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Air Pressure and Wind

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  1. Air Pressure and Wind

  2. I. Air Pressure Also referred to as atmosphericor barometric pressure

  3. A. The Cause of Air Pressure Inflated Balloon 1. Air has ________: A column of air measured to the “top” of the atmosphere with a cross-sectional area of one inch2 has a weight of 14.7 pounds. “Empty” Balloon weight

  4. b. Pressure is defined as___________ exerted on any plane surface. a force We live at the bottom of an “ocean of air.” • Air pressure results from the ____________of the air pressing down from above (as a result of gravity). (2) Since air molecules move in all directions, air pressure is directed _________________________. weight equally in all directions

  5. B. Instruments for Measuring Air Pressure 1. ______________________ Barometer Liquid – Mercury (Hg) • Invented in 1643 by Torricelli, a student of Galileo. • A tube, closed at one end and open at the other, is filled with Mercury and then inverted and immersed in an open dish of mercury. • Mercury flows into the dish until the column is about 30 inches high, leaving a vacuum at the top. • Higher pressure forces the mercury higher into the tube and lower pressure results in the mercury flowing out. • If water was used, a tube 33 meters high would be needed.

  6. Reading a Mercury Barometer

  7. 2. _________ Barometer Aneroid a. Working on the principal of a spring balance, a partially evacuated thin metal chamber compresses with an increase in pressure and expands with a pressure decrease. b. It is prevented from collapsing by a spring which expands or contracts depending on the width of the chamber. An arm, magnified by levers detects these changes.

  8. Barograph 3. ___________ Pen moves up and down with pressure changes Rotating cylinder with barogram • A _____________ aneroid barometer. • A pen is attached to the arm which records pressure over time. Chamber is squeezed as air pressure increases recording

  9. 4. Altimeter • An aneroid barometer that is calibrated to display __________ rather than pressure. In an airplane Hand-held altitude

  10. C. Air Pressure Units 1. ________________ (Hg): • The height of the column of mercury in a liquid barometer (calibrated on an aneroid barometer). • Not a ___________________, but is an indicator of high or low pressure. • Standard pressure at sea level is 29.92 inches of Hg (measured to the hundredth of an inch). Inches of Mercury true unit of pressure

  11. Barogram

  12. 2. __________ Millibars An actual • _____________ unit of pressure. • The unit of pressure used on all U.S. weather maps (since January 1940). • Millibars comes from to the original term for pressure "bar". Bar is from the Greek "báros" meaning weight. A millibar is 1/1000th of a bar and is the amount of force it takes to move an object weighing a gram, one centimeter, in one second. Millibar values used in meteorology range from about 950 to 1050. At sea level, standard air pressure in millibars is 1013.2. Weather maps showing the pressure at the surface are drawn using millibars. • Standard pressure at seal level is 1013.25 mb (measured to the nearest tenth of a millibar for the station model).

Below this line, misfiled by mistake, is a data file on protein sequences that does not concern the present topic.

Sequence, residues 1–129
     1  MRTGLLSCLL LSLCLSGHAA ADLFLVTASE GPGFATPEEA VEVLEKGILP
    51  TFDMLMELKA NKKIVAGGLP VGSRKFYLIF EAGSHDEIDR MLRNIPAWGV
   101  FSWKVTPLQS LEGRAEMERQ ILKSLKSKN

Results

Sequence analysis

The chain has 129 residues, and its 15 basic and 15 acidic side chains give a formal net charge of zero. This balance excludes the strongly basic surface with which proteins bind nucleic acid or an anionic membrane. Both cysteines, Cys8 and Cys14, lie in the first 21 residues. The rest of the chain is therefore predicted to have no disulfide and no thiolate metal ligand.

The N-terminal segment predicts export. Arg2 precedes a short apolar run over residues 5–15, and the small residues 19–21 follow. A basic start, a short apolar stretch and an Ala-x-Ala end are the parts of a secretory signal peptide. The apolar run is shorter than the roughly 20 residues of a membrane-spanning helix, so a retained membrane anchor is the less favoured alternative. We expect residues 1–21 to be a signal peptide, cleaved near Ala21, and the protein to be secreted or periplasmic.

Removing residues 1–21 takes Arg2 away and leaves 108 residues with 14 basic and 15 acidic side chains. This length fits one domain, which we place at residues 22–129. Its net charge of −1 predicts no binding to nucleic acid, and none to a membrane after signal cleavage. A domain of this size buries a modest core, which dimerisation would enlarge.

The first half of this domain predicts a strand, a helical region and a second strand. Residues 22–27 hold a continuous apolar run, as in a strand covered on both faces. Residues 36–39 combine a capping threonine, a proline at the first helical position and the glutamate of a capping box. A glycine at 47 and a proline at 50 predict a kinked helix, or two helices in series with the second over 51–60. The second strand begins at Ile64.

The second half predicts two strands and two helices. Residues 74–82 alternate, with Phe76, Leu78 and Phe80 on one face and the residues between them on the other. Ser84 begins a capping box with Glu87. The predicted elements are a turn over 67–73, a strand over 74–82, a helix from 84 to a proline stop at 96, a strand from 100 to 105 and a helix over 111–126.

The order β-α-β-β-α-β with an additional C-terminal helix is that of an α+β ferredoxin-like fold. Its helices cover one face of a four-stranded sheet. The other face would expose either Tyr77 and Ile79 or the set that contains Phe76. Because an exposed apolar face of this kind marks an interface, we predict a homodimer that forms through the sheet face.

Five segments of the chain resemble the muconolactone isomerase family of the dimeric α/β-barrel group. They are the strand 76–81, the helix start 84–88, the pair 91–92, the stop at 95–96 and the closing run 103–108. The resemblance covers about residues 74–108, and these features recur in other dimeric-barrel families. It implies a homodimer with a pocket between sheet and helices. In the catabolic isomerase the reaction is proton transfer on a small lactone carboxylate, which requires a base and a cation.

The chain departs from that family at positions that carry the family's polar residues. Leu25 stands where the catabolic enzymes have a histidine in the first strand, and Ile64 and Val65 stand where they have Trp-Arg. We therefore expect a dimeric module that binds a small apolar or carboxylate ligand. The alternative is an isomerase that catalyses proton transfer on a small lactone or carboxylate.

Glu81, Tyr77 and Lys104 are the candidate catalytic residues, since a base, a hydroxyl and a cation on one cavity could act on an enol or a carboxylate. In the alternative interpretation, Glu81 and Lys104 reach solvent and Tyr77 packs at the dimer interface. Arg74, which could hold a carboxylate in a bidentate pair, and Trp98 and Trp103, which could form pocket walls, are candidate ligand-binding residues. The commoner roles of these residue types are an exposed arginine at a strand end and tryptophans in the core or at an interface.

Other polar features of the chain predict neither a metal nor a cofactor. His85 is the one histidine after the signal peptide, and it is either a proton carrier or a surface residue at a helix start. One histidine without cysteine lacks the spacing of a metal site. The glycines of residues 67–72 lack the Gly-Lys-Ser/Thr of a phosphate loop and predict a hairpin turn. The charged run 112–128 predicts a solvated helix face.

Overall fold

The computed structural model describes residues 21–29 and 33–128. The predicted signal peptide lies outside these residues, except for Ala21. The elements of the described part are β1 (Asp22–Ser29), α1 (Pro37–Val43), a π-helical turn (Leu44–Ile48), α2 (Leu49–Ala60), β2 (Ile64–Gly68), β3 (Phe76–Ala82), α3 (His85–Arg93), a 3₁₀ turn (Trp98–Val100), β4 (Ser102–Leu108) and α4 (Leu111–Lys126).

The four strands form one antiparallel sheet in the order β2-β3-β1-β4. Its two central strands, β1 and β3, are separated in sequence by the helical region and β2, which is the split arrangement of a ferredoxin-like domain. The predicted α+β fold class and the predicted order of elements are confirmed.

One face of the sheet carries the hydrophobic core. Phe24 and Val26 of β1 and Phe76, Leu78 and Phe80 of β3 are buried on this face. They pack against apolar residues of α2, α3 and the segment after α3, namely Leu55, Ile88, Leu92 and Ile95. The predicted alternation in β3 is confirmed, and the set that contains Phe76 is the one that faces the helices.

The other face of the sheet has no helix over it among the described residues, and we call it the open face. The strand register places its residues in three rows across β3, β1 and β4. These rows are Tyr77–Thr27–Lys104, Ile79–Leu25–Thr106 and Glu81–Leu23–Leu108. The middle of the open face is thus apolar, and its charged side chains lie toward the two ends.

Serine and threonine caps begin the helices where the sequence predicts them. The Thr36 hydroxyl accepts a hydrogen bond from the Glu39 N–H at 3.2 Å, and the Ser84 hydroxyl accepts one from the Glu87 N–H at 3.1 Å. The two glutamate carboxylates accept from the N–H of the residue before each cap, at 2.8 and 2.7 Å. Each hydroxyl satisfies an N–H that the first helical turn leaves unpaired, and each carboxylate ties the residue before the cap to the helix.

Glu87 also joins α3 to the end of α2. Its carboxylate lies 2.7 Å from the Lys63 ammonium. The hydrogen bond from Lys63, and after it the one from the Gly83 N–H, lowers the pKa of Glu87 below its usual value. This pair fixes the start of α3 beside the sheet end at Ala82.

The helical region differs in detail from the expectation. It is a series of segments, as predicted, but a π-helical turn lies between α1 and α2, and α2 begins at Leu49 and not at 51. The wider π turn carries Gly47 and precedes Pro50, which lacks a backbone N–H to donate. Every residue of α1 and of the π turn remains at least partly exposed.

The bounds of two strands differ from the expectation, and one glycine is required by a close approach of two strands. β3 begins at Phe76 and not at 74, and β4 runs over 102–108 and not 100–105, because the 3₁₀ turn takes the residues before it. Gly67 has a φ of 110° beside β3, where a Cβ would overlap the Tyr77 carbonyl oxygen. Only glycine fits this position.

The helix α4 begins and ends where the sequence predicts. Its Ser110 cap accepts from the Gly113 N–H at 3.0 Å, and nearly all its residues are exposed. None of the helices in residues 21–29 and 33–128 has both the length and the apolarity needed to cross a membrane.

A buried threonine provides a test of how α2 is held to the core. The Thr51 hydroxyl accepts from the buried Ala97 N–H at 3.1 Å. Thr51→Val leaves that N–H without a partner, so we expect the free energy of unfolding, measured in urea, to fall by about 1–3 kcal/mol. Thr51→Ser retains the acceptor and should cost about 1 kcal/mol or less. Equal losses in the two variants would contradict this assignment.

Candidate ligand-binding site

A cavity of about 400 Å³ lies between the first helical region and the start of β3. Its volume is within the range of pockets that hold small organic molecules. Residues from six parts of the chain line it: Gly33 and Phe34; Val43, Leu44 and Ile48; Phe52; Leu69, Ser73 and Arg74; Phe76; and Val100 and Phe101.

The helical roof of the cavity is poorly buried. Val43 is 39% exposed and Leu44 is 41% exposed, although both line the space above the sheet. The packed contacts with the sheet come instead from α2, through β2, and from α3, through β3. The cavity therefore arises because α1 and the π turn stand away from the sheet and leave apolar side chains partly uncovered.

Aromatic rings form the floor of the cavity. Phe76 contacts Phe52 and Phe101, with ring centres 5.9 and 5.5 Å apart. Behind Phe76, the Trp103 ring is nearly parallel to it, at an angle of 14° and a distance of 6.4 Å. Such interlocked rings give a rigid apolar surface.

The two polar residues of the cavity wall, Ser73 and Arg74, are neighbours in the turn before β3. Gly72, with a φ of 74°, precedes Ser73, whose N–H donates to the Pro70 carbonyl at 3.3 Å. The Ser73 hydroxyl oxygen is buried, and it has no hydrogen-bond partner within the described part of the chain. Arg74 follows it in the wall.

13. Calculating Standard Sea Level Pressure the (Pressure of One Atmosphere at Sea Level) Given: Density of Hg = 13.6 g/cm3 Acceleration due to gravity = 980.6 cm/sec2 Height of the column of mercury = 76 cm Area of column = 1.0 cm2

  14. Substitute for Weight • Pressure = weight area • Substitute massx gravity for weight. Pressure = mass x gravity area weight

  15. Find the Mass of Mercury • The mass of Hg can be found using the equation for density. Density = mass ➥ rewritten as: volume mass = density x volume

  16. Rewrite the Equation • So, the equation for pressure can be rewritten substituting density x volume for mass. Pressure = density x volume x gravity area Mass

  17. Now, Find the Volume of Hg • Volume can be found using height x area. • Substitute height x area for volume in the pressure equation. Pressure = density x height x area x gravity volume

  18. Actual Units of Pressure • While the SI unit for pressure is the Newton, which is the force required to accelerate a 1 kg mass 1 meter per second squared (1N = kg m/sec2), meteorologists use a smaller unit called the dyne (g cm/sec2). • One Newton = 100,000 dynes.

  19. Now, substitute numbers into the equation • Pressure = density x height x gravity = 13.6 g x 76 cm x 980.6 cm cm3 sec2 = 1,013,548.6 g x cm x cm cm3 x sec2

  20. Rearrange the Units Pressure = 1,013,548.6 g x cm x cm cm3 x sec2 = 1,013,548.6 g cm2 cm3 x sec2 = 1,013,548.6 g cm sec2 cm2 = 1,013,548.6dynes per cm2

  21. One “bar” = 1,000,000 dynes • This term is used because the dyne is so small and the term is clumsy. • The bar is divided into 1,000 smaller units called millibars (abbreviated as mb). • So 1,013,548.6 dynes per cm3 is about 1 bar or 1,000 mb. • More precisely, standard sea level pressure is 1,013.5 mb.